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Hyde Park and Regent's Park bombings
Part of The Troubles
File:Hyde Park Bombing.jpg
Aftermath of the Hyde Park bombing which killed four people and seven horses
Location Hyde Park and Regent's Park,
London, United Kingdom
Date 20 July 1982
Target British military parades
Attack type
Nail bombs
Deaths 11[1]
Non-fatal injuries
50+
Perpetrators Provisional Irish Republican Army

The Hyde Park and Regent's Park bombings occurred on 20 July 1982 in London. Members of the Provisional Irish Republican Army (IRA) detonated two bombs during British military ceremonies in Hyde Park and Regent's Park, both located in central London. The explosions killed a total of 11 military personnel: four soldiers of the Blues & Royals and seven bandsmen of the Royal Green Jackets. Seven of the Blues & Royals' horses also died in the attack. One seriously injured horse, Sefton, survived and was subsequently featured on a number of television programmes and was awarded "Horse of the Year". Sefton's rider also survived but suffered from posttraumatic stress disorder and in 2012 committed suicide after killing his two children.

In 1987, Gilbert "Danny" McNamee was convicted of making the Hyde Park bomb and jailed for 25 years. He served 12 years before being released under the terms of the Good Friday Agreement; his conviction was later quashed. In 2013, John Downey was charged with four counts of murder in relation to the Hyde Park attack.

The attacksEdit

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Hyde Park bombEdit

U-shaped hedge enclosure surrounding an oblong slate plaque on a wedge-shaped plinth, with flowers laid at the bottom
Memorial in Hyde Park
Oblong slate plaque with inscriptions in gold, set into a low wall
Memorial in Regent's Park

The first attack was a large nail bomb hidden in a blue Austin car parked on South Carriage Drive in Hyde Park, along the route used by the Household CavalryQueen Elizabeth II's official bodyguard regiment – during the Changing of the Guard procession from their barracks in Knightsbridge to Buckingham Palace. Three soldiers of the Blues & Royals were killed instantly, and another died three days later from his injuries. The other soldiers in the procession were all badly wounded and shrapnel and nails sprayed into the crowd of tourists assembled to watch the parade, causing further injuries. Seven of the regiment's horses were also killed or had to be euthanised because of their injuries.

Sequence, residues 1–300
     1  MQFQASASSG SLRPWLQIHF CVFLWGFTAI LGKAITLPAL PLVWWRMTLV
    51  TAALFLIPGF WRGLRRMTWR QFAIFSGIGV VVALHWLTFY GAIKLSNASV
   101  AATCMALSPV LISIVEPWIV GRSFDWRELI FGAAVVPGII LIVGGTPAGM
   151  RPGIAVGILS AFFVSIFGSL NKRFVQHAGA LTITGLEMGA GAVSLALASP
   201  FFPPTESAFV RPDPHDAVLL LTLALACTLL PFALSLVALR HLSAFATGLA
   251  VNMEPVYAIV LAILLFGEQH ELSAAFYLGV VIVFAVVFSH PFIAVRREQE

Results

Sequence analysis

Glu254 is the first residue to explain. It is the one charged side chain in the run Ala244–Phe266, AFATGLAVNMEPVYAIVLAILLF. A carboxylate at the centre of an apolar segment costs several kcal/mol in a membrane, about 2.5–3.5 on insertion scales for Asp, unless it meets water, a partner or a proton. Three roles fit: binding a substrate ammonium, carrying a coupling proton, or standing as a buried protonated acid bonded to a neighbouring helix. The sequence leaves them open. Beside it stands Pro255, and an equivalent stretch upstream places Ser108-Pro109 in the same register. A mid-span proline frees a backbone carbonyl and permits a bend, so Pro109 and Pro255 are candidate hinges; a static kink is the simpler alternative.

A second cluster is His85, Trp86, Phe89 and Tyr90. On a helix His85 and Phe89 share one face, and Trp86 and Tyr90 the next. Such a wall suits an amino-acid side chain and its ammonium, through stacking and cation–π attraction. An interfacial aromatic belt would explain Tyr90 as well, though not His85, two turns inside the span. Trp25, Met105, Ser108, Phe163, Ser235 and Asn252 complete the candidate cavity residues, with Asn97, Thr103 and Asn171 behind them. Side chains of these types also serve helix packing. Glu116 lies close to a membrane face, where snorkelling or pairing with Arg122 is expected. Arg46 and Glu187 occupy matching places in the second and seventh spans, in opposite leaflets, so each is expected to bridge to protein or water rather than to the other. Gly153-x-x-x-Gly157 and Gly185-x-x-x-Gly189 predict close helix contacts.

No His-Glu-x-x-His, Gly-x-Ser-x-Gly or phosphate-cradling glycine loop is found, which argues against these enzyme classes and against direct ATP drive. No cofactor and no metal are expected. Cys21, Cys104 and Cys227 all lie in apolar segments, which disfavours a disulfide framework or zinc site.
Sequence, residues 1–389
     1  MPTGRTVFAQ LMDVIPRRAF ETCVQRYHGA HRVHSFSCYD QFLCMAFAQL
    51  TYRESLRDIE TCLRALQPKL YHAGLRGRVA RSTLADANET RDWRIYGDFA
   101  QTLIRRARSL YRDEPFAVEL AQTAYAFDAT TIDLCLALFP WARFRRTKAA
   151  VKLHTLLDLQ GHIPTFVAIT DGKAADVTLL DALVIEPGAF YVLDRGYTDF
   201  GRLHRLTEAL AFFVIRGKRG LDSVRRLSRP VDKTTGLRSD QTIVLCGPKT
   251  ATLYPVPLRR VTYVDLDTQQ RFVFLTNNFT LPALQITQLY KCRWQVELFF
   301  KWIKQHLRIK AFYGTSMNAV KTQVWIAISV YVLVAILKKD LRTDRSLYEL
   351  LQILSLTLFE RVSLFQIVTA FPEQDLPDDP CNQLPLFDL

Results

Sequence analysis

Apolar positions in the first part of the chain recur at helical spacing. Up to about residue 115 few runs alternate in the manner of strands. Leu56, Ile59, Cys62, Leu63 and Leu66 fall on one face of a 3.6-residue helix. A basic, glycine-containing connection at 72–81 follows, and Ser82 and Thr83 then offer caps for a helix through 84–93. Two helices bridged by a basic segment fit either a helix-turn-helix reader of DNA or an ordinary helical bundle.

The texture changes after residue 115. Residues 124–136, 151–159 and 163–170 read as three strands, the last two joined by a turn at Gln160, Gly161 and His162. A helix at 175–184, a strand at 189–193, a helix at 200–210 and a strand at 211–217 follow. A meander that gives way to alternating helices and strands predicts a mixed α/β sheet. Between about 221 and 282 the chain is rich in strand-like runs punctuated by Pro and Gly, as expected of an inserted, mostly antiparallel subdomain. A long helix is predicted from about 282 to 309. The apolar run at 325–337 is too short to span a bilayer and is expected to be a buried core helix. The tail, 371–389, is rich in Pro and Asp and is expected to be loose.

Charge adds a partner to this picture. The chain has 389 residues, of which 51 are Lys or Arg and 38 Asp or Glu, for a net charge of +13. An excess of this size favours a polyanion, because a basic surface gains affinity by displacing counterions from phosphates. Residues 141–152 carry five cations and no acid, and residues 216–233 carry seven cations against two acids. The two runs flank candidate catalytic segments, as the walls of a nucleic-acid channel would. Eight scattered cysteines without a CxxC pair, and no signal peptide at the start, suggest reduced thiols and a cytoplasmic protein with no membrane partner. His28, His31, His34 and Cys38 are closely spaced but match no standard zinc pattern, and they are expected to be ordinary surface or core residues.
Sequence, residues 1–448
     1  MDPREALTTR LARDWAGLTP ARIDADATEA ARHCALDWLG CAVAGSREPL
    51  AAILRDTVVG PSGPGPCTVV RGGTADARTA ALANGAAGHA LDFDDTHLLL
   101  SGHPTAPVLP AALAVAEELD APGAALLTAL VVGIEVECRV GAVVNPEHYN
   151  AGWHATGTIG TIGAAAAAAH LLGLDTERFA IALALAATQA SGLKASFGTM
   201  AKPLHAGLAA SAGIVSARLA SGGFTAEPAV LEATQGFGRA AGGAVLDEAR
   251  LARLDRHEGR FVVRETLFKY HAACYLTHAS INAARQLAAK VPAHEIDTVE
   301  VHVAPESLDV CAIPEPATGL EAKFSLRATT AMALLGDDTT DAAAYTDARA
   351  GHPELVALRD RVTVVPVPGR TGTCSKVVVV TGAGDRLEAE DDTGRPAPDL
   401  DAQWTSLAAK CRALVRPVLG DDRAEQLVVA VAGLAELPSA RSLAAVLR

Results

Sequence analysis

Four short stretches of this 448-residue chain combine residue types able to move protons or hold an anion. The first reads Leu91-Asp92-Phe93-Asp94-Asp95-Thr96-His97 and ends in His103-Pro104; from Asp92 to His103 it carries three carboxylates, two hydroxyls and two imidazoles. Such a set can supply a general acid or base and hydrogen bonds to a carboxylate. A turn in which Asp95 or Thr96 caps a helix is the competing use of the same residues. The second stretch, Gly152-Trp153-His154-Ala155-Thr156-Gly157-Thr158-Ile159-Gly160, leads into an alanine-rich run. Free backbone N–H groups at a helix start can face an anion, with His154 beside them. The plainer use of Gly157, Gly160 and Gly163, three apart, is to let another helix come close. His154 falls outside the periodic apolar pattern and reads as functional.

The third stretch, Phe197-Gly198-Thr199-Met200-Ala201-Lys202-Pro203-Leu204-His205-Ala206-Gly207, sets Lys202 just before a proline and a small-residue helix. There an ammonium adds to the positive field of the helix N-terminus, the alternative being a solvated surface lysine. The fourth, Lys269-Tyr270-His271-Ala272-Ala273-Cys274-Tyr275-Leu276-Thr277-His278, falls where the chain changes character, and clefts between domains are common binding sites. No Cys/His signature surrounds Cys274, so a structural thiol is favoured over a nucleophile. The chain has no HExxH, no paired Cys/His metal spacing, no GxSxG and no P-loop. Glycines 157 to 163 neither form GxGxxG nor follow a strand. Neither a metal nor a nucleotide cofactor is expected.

Explosives experts believed that the Hyde Park bomb was a remote-detonated improvised explosive device, which was exploded at just the right time to catch the parade. The four men who died in the attack were Roy John Bright, Dennis Richard Anthony Daly, Simon Andrew Tipper and Geoffrey Vernon Young.

Regent's Park bombEdit

A second explosion occurred just over two hours later, when a bomb hidden underneath the bandstand in Regent's Park exploded during a performance of the music from Oliver! by the Royal Green Jackets band to a crowd of 120 people. Here too, the crowd was peppered by shrapnel from the iron bandstand, causing dozens of injuries amongst the audience, as well as killing seven members of the band and wounding the rest. The blast was so powerful that one of the bodies was thrown onto an iron fence 30 yards away.

The bomb was thought to have been placed under the stand weeks in advance, with a timer set to the date and time of the advertised concert. The seven men who died were Graham Barker, Robert Livingstone, John McKnight, John Heritage, George Mesure, Keith Powell and Laurence Smith.

AftermathEdit

The IRA claimed responsibility for the attack by deliberately mirroring prime minister Margaret Thatcher's words just a few months previously when Britain entered the Falklands War. They proclaimed that: "The Irish people have sovereign and national rights which no task or occupational force can put down". Reacting to the bombing, Thatcher stated: "These callous and cowardly crimes have been committed by evil, brutal men who know nothing of democracy. We shall not rest until they are brought to justice."[2]

Sefton, a horse that survived the attack at Hyde Park despite incurring serious injuries, became well-known due to the Horse of the Year Show, where he was awarded "Horse of the Year", and his numerous television appearances.[3][4] Sefton's rider at the time of the bombing, Michael Pedersen, survived but claimed to suffer from posttraumatic stress disorder; after splitting from his wife he committed suicide in September 2012 after killing his two children.[5]

A memorial marks the place of the Hyde Park explosion and the troop honours it daily with an eyes-left and salute with drawn swords. A plaque commemorating the victims of the second attack also stands in Regent's Park.

The character Joe in the 1993 play Our Boys is a survivor of the Hyde Park bomb attack.

Criminal proceedingsEdit

In 1987, 27-year-old Gilbert "Danny" McNamee was sentenced at the Old Bailey to 25 years in prison for his role in the Hyde Park bombing despite his plea that he was innocent. In 1998, shortly after his release under the Good Friday Agreement, an appeal judge quashed his conviction, deeming it "unsafe" because of withheld fingerprint evidence that implicated other bomb-makers.

On 19 May 2013, 61-year-old John Anthony Downey was charged with murder in relation to the Hyde Park bomb and intending to cause an explosion likely to endanger life. He appeared via videolink from Belmarsh prison for a bail hearing at the Old Bailey on 24 May and did not apply for bail so was remanded in custody.[6] At a hearing on 1 August, Downey was granted conditional bail and a trial was scheduled for 14 January 2014.[7]

ReferencesEdit

External linksEdit


Coordinates: 51°31′35″N 0°09′27″W / 51.52652°N 0.157443°W / 51.52652; -0.157443

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